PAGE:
Q.10     Using a horizontal force of 200 N, we intend to move a wooden cabinet across a floor at a constant velocity. What is the friction force that will be exerted on the cabinet?
Sol.       Since, a horizontal force of 200N is used to move a wooden cabinet, thus a friction force of 200N will be exerted on the cabinet. Because according to third law of motion, an equal magnitude of force will be applied in the opposite direction.

Q.11     Two objects, each of mass 1.5 kg, are moving in the same straight line but in opposite directions. The velocity of each object is 2.5 m s-1 before the collision during which they stick together. What will be the velocity of the combined object after collision?
Sol.       Since, two objects of equal mass are moving in opposite direction with equal velocity, therefore, the velocity of the objects after collision during which they stick together will be zero.
             Mass of first object, m1 = 1.5 kg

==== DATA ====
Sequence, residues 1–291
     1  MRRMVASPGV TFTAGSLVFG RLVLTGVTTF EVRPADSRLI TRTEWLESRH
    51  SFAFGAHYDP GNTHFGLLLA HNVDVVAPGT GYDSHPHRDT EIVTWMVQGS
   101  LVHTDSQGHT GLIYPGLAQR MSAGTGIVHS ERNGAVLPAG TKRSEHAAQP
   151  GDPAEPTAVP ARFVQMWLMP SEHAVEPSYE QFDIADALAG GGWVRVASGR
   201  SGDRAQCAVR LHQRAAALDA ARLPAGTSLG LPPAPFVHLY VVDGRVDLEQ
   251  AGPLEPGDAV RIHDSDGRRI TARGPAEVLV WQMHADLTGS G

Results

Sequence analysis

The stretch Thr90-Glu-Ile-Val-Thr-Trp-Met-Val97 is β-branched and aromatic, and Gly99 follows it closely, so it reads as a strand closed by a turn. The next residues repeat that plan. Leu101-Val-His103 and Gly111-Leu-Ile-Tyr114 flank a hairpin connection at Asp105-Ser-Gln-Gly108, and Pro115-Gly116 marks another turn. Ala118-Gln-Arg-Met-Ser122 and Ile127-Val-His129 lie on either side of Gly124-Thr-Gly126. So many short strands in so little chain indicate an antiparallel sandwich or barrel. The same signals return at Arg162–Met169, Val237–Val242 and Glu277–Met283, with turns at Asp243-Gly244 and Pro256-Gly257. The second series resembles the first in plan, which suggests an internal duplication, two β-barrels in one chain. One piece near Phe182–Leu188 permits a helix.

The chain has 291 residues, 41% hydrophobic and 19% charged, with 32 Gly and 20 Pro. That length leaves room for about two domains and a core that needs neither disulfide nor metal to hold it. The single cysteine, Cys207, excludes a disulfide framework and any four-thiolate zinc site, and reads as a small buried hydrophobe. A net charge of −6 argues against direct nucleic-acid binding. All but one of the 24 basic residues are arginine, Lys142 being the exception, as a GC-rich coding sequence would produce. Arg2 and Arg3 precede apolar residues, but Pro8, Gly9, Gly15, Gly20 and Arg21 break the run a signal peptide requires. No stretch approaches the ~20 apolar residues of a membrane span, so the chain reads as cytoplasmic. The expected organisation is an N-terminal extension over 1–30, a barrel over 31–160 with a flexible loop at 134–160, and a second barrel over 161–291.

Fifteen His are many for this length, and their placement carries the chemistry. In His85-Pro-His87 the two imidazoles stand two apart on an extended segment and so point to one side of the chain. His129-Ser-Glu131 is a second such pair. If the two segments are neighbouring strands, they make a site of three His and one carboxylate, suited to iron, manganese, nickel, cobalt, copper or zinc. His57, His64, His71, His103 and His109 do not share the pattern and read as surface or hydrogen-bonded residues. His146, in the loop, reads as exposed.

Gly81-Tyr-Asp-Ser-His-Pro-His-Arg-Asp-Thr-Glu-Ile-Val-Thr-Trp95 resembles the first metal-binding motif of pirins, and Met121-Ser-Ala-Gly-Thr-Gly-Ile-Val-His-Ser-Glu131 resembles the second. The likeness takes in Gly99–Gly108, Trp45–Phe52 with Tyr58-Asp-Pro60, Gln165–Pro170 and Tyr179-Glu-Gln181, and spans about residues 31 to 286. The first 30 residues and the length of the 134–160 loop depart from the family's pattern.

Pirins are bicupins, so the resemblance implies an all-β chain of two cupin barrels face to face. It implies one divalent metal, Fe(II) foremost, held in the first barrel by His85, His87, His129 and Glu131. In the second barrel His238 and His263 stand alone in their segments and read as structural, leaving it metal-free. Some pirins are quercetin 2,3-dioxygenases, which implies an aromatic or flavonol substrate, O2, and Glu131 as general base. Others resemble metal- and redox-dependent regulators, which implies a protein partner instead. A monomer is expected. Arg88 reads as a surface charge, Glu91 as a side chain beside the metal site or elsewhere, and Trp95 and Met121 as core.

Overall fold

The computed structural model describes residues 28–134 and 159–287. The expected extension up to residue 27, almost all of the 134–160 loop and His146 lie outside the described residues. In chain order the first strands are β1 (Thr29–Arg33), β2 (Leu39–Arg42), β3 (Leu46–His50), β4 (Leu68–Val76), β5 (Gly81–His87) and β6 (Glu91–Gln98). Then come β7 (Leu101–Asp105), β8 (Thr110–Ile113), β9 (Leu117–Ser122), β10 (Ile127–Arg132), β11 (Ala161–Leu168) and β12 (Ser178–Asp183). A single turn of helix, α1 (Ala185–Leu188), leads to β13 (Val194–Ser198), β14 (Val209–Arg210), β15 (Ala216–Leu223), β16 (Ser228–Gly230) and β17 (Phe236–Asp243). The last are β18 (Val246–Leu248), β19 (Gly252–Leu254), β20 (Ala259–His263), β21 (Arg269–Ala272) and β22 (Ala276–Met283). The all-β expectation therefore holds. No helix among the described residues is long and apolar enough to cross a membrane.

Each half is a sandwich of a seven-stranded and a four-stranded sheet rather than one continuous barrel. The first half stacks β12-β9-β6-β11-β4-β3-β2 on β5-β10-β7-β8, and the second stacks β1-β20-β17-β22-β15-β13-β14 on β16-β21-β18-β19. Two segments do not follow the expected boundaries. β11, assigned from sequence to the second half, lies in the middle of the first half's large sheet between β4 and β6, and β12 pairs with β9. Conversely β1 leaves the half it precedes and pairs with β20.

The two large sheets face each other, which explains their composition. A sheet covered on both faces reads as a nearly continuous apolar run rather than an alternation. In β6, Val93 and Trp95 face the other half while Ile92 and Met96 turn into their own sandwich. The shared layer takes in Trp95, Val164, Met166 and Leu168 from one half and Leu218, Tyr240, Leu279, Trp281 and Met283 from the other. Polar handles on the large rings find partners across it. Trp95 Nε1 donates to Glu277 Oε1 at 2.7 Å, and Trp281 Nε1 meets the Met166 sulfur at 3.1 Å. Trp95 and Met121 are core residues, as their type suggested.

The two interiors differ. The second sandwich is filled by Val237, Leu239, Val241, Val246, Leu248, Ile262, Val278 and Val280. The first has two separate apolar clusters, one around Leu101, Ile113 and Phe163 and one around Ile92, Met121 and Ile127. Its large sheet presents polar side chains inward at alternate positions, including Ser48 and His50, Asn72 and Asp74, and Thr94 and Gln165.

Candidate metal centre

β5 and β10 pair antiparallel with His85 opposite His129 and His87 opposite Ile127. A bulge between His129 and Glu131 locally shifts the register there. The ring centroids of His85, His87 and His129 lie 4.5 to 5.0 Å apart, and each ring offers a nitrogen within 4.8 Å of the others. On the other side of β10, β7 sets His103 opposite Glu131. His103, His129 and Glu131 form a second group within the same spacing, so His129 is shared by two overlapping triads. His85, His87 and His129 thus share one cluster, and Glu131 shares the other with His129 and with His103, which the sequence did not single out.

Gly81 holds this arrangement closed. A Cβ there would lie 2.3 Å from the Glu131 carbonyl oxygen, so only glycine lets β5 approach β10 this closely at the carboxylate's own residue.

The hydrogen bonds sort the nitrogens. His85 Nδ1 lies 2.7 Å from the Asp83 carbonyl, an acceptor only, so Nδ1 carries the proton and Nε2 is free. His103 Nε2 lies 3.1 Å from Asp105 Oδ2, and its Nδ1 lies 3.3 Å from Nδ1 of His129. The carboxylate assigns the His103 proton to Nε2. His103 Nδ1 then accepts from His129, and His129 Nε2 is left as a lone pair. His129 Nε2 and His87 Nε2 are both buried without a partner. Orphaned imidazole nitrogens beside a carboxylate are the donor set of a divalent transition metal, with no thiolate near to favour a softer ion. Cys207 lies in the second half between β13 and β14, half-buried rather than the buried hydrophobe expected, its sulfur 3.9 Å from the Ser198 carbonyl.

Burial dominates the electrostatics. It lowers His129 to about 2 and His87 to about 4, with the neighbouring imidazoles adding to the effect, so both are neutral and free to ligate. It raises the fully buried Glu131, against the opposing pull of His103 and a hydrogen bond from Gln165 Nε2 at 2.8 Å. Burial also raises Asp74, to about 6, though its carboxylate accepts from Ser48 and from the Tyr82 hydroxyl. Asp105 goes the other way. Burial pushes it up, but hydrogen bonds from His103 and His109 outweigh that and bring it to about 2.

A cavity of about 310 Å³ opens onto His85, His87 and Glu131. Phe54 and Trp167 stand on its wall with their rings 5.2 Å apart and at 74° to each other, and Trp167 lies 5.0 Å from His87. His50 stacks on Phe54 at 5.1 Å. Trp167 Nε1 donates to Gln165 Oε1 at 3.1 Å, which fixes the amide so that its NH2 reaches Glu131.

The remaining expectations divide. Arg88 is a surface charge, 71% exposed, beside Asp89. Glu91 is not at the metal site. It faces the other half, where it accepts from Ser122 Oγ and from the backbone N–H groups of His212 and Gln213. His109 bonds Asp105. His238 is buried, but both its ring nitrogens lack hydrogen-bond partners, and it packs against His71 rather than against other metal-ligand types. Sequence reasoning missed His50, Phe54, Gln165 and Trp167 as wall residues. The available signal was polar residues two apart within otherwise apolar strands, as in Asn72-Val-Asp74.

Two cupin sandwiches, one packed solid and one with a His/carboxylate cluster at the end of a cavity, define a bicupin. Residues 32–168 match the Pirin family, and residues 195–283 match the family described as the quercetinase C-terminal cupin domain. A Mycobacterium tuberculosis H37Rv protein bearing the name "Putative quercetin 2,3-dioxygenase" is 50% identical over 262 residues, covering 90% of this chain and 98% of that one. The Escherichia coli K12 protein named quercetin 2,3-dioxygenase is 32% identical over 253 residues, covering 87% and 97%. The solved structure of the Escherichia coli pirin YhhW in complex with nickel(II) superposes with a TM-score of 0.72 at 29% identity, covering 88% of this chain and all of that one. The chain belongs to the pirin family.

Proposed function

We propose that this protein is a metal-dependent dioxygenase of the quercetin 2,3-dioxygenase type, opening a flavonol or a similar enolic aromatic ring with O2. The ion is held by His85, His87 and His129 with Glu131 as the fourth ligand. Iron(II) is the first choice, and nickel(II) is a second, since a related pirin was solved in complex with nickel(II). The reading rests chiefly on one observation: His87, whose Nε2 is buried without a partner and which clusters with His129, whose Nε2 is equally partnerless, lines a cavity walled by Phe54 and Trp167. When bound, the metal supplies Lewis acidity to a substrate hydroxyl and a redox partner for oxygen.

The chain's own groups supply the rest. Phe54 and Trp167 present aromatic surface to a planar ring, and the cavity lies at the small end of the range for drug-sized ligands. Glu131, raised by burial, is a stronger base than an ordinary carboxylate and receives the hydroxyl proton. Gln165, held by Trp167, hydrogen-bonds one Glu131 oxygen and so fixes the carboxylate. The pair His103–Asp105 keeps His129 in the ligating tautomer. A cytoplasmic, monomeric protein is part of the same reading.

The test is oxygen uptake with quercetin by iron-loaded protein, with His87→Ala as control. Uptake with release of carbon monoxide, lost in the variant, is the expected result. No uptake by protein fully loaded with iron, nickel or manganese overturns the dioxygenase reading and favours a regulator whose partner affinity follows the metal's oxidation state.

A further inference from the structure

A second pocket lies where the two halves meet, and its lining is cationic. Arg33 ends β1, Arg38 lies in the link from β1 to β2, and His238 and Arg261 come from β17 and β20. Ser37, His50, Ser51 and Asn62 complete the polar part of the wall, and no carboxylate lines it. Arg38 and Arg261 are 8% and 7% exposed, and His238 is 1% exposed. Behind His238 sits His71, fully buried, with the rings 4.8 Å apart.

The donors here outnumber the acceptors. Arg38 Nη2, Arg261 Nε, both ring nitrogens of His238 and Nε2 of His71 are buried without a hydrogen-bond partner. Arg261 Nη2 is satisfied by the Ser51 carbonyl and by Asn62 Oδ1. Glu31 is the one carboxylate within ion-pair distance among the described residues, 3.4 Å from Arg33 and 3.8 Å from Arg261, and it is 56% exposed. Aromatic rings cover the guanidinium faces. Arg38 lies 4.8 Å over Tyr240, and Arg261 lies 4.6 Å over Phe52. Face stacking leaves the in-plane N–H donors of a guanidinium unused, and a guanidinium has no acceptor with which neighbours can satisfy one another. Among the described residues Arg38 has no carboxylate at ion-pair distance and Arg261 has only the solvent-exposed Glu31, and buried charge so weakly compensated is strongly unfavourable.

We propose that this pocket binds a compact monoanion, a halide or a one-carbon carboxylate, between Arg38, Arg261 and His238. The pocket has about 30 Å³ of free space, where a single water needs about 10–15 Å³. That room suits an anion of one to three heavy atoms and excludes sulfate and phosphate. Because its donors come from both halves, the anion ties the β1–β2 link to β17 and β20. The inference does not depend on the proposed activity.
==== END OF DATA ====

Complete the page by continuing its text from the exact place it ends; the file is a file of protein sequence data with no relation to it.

Mass of second object, m2 = 1.5 kg
             Initial velocity of one object, u1 = 2.5 m/s
             Initial velocity of second object, u2 = -2.5 m/s (Since second object is moving in opposite direction)
             Final velocity of both the objects, which stick after
             We know that,
                {m_1}{u_1} + {m_2}{u_2} + {m_1}{v_1} + {m_2}{v_2}
              \Rightarrow 1.5kg \times 2.5m{s^{ - 1}} + 1.5kg \times \left( { - 2.5m{s^{ - 1}}} \right) = 1.5kg \times v + 1.5kg \times v
              \Rightarrow 3.75kg\,m{s^{ - 1}} - 3.75kgm{s^{ - 1}} = v\left( {1.5kg + 1.5kg} \right)
              \Rightarrow 0 = v \times 3.00kg
              \Rightarrow v = {0 \over {3.00kg}} = 0
             collision, v = ?
             Therefore, final velocity of both the objects after collision will be zero.